Publisher: Zondervan
Released: March 2012

Source: eGalley from publisher through NetGalley.

Book Description from
The theme of God's relationship with his chosen people is expressed and explained in numerous ancient word pictures throughout the pages of Scripture. Without an accurate grasp of the historical and social contexts that originally housed these images, however, modern eyes and ears can gloss over these profound biblical revelations and fail to hear their timeless teaching.

Even worse, readers can wrongly understand what such images communicate about God and about the people of God, misusing the Bible by imposing modern assumptions upon it. Timothy S. Laniak provides the necessary background for accurately understanding the Bible's images of God and of his people, tracing seven image pairs from Genesis and Exodus through their climax in Revelation.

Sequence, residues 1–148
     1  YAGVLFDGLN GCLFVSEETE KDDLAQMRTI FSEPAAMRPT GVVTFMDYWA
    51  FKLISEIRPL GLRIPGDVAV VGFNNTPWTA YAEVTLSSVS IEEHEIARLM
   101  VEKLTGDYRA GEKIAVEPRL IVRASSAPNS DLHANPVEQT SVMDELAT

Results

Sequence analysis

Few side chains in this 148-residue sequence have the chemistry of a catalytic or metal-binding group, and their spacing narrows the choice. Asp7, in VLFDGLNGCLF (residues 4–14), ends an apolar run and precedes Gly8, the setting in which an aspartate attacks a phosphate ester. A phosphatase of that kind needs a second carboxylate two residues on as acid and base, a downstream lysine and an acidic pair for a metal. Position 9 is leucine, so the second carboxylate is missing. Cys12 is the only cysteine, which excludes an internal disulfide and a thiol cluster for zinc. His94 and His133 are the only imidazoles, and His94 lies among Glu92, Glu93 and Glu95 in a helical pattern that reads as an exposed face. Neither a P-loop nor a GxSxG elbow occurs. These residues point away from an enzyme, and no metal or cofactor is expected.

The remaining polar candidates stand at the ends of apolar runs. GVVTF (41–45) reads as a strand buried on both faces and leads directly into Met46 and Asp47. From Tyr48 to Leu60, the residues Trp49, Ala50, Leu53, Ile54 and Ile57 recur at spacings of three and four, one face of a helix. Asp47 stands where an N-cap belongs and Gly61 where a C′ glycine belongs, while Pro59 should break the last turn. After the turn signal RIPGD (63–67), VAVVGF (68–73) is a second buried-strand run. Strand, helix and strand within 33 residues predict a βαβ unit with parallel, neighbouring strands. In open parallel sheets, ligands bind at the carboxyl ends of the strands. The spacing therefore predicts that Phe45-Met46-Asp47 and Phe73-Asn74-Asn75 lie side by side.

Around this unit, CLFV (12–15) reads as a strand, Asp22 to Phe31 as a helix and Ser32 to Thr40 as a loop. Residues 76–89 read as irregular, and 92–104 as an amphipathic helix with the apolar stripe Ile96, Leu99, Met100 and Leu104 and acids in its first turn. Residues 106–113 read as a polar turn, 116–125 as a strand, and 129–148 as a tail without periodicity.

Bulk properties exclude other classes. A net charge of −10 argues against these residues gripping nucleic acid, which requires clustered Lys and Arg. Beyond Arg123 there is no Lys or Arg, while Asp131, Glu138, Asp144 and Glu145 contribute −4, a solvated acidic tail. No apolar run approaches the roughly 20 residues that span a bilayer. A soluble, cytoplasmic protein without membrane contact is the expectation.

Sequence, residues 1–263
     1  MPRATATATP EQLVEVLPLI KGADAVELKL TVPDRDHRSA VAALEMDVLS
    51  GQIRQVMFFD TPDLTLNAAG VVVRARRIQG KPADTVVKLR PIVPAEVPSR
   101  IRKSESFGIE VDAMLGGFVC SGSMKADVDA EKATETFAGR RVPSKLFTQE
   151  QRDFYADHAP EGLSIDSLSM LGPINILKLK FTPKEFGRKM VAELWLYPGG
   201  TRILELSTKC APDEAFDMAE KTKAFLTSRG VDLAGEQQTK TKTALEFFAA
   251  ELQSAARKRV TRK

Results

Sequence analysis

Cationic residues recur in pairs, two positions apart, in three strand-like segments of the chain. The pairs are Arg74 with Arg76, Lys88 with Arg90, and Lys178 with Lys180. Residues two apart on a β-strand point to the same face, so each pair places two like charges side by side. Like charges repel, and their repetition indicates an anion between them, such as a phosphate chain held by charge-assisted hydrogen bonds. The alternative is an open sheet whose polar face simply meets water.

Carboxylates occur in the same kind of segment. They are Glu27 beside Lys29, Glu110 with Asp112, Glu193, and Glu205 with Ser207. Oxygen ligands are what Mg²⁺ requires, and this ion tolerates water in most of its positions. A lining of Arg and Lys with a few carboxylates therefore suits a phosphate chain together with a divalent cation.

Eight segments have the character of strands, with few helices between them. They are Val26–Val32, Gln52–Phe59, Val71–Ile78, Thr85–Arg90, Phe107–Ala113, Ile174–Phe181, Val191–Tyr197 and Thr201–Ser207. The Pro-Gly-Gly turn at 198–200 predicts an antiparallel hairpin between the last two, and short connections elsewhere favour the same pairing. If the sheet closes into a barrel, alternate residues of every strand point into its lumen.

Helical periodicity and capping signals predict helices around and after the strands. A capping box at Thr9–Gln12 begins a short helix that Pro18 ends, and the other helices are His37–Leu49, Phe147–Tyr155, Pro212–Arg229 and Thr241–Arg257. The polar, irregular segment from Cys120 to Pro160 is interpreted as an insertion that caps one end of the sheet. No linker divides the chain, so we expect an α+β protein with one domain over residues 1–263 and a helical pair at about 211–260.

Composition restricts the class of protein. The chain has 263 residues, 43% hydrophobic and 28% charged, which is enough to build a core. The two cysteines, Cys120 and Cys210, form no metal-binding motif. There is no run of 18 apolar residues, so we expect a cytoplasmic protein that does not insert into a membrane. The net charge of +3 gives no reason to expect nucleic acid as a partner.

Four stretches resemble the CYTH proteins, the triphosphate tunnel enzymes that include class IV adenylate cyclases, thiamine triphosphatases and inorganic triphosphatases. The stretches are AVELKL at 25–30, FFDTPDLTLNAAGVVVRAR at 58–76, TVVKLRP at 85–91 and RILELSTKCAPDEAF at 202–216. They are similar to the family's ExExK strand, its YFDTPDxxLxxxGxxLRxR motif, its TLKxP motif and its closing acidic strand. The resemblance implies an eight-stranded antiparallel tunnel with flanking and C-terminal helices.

This complementary approach reveals a rich and multifaceted relationship between God and the people he loves and calls into his service. Finding the Lost Images of God draws on archaeology, ancient texts, anthropology and personal narratives to bring deeper understanding of the Bible's imagery to students, pastors, lay leaders and other Bible teachers.

My Review:
Finding the Lost Images of God is a brief survey of the Bible looking for passages where certain imagery is used to describe God. The book is a quick, easy read. It's full of very nice color pictures of models, artifacts, and paintings to illustrate what the author was referring to. However, the text failed to deliver many insights into the Bible, and most of those seemed obvious to me from studying the Bible itself or otherwise seemed pretty basic.